With all due respect to urgent demands of public health -- yuck!
Miss Manners does recognize that physical danger trumps the ordinary routines of etiquette. She grants that someone drowning may properly shout "Help!" instead of "Please help, if it isn't too much trouble."
She is in total agreement about alerting everyone to develop habits to help lessen the spread of disease. But those who are promoting the sleeve sneeze are assuming that the only alternatives are sneezing into the air or into the sneezer's hands.
Have they never heard of the handkerchief? (Or, for that matter, the sleeveless dress?)
Every civilized person should carry a handkerchief, and the traditional wisdom was that it was preferable to carry two: A gentleman would need a clean one to hand to a lady whom he had caused to cry, and a lady would need a clean one to drop in front of some stranger she wanted to follow her.
Spare handkerchiefs are also handy for such crucial activities as making tourniquets and surrendering. Besides, they can be extremely fetching, with monograms, designs and lace.
Most significantly, the basic working handkerchief is essential for preventing the spread of both disease and disgust.
Previously, the health-conscious have argued against its use, on the grounds that a paper tissue's easy disposability made it more hygienic than a reusable handkerchief. And now they are touting using, and presumably reusing, the exposed-to-all sleeve?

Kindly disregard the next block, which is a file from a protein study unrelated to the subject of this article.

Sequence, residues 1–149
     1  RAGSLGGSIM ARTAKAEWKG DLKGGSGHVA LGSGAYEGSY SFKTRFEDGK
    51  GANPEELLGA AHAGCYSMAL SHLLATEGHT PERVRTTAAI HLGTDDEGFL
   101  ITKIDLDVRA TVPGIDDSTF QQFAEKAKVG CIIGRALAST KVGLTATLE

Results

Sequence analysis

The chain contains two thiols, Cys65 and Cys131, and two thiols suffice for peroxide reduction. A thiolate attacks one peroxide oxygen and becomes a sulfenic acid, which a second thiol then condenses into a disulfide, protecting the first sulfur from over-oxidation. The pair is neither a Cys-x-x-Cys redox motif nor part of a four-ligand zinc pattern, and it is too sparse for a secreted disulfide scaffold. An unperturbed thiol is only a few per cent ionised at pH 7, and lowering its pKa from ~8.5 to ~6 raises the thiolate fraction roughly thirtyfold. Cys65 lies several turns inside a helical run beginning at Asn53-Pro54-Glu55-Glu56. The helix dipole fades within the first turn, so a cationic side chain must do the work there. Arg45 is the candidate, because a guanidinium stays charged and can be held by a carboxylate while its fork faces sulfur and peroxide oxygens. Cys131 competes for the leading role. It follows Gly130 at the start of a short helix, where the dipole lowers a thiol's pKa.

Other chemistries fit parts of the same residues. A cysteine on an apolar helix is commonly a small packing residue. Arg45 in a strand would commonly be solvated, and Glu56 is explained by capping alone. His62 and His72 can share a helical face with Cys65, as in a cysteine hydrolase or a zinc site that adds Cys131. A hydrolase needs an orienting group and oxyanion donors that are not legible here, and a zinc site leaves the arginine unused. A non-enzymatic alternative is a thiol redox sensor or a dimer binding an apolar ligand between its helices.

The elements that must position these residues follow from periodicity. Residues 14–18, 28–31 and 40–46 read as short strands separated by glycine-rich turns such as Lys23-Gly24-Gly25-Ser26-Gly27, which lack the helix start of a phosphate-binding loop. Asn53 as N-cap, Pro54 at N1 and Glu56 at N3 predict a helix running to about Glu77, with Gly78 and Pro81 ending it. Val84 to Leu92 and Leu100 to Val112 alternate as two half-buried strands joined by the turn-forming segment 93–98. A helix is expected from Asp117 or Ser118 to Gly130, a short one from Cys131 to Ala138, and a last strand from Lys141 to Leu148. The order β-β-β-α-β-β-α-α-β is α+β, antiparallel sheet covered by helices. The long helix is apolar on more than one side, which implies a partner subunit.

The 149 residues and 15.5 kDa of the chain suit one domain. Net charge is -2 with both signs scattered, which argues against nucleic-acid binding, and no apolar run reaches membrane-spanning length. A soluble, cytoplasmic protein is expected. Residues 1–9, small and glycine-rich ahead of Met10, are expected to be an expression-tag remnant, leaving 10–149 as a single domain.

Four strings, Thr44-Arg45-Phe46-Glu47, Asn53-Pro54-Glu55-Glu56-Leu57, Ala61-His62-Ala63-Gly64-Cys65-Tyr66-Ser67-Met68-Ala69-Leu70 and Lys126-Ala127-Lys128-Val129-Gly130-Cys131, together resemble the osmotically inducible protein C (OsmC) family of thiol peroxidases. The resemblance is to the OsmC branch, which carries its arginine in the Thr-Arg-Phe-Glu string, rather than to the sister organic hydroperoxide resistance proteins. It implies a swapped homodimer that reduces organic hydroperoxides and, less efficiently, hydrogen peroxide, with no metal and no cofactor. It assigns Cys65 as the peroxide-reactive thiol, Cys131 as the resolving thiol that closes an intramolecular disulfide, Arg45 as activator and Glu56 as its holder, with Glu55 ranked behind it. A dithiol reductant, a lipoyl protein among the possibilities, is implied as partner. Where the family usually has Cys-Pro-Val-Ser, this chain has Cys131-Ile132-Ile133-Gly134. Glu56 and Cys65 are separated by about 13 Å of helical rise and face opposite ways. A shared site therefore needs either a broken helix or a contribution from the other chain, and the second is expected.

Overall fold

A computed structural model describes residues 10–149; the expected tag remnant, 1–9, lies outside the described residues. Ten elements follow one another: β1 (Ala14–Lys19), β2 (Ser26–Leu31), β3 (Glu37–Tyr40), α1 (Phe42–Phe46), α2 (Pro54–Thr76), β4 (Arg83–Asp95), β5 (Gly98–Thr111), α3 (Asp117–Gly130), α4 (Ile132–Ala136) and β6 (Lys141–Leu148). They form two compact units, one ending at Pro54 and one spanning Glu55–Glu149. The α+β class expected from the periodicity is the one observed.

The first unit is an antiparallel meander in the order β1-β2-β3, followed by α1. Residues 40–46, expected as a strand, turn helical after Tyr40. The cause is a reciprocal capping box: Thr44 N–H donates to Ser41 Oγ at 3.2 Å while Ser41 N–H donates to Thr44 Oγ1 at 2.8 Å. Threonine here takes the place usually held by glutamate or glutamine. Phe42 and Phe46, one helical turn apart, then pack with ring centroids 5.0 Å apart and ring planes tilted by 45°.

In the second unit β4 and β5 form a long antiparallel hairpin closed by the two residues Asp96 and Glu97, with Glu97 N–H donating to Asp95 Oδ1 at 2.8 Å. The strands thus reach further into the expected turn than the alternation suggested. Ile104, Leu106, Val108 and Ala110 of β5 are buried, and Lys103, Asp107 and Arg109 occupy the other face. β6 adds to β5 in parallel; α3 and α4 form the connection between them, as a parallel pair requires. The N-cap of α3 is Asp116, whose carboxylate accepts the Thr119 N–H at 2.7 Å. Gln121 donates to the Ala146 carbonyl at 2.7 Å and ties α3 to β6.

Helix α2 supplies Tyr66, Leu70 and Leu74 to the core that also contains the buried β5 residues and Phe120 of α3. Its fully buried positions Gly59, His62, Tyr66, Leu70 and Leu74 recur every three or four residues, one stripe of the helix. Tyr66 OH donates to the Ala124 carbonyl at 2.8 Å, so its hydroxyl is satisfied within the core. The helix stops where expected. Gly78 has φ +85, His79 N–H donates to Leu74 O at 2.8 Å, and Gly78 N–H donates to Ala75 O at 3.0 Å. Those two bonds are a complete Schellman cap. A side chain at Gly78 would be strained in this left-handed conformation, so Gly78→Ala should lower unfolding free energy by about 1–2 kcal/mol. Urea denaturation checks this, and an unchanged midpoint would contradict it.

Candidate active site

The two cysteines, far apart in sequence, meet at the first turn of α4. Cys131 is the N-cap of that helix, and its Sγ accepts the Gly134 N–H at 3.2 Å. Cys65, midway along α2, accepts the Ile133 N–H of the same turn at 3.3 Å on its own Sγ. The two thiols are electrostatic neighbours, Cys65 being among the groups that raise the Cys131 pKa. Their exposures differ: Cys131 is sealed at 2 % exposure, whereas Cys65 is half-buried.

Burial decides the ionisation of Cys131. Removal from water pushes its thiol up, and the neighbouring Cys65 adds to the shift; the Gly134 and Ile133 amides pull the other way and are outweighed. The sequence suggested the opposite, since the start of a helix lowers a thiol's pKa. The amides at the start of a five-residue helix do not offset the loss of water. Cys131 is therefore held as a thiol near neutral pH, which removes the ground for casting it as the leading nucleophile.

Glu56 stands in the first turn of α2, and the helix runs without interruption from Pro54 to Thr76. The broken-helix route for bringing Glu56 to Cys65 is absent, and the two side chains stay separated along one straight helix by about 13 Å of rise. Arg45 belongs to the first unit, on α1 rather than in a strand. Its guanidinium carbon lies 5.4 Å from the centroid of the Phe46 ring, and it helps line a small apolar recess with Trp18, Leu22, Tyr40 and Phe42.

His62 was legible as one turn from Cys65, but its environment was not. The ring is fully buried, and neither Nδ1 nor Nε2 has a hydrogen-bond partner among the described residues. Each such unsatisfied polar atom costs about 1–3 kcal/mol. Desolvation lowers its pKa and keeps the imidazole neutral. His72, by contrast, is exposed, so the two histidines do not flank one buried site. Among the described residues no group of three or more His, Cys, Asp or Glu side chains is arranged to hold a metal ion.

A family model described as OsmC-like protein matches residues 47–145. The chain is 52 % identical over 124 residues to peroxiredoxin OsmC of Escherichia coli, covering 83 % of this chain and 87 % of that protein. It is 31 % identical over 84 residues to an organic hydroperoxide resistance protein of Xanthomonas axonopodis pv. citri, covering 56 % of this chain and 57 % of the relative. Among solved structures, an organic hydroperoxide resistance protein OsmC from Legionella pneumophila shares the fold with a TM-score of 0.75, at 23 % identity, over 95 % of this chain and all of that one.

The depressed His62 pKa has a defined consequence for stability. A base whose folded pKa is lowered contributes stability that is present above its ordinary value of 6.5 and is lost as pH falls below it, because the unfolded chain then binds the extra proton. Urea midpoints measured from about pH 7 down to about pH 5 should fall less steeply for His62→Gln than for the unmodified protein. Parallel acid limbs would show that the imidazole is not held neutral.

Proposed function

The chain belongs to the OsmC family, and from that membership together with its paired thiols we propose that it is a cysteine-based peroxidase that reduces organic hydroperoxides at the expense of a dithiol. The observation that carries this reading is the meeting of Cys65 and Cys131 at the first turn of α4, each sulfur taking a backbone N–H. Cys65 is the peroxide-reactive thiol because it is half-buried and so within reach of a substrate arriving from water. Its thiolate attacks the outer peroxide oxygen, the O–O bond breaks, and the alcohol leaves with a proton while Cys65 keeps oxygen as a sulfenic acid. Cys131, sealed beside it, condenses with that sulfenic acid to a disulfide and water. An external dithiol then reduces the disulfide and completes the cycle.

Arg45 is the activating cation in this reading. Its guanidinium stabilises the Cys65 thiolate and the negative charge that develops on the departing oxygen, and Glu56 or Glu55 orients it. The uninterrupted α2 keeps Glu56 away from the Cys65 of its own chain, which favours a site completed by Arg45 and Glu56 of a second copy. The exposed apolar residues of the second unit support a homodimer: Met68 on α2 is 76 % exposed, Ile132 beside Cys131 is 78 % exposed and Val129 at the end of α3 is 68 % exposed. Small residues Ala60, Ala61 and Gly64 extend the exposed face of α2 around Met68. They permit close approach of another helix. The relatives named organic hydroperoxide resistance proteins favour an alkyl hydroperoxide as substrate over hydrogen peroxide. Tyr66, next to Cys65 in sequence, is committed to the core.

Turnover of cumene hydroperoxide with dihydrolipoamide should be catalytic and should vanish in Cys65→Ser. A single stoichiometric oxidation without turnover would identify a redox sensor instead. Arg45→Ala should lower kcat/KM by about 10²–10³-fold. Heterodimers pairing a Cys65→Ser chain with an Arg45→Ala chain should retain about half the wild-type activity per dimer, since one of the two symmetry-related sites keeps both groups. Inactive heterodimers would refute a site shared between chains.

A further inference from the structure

Miss Manners suspects that the problem may be that the handkerchief is a forgotten artifact, and no one knows how to operate it. So here are the instructions.
There must be a fresh handkerchief every day, although if the previous day's one was unused, Miss Manners will not come around to check. Because of the faulty warning system employed by sneezes, it must be kept within easy reach, in an outside pocket or tucked into the cuff or decolletage. The freshly pressed and folded handkerchief is shaken out, time permitting, and the sneeze goes directly into it. It is then not -- repeat, not -- refolded to look pristine, but returned crumpled to its nesting place. Repeat as necessary.
Too hard? Miss Manners is confident that people who manage to carry, operate and whip out their electronic devices, will, with practice, be able to master this.
While we are on the subject of etiquette and public health, she would like to make another adjustment in favor of traditional ways. Could we please stop all the kissing and hugging by way of ordinary greetings?
This silliness is leftover from the naive era of a generation ago, when it was believed that promiscuous demonstrations of affection from acquaintances and strangers were emotionally fulfilling to the recipients. Even aside from the more its vulgar application, faked gestures of love soon became a hazard to respectable people who merely wanted to choose their own snuggle partners.
Well, now we can declare it a health hazard. Miss Manners would like to see a return to the dignified act of shaking hands (with hand-sanitizers to be applied out of sight), but she would settle for a smile and an inclination of the head that leaves the hand free to reach for the handkerchief.
DEAR MISS MANNERS -- My brother is getting married next year and would like cash in lieu of gifts. He is already a homeowner and has everything he needs. What is the correct wording for a request of this nature?
GENTLE READER -- "I have everything I need, but give me your money so I can get more."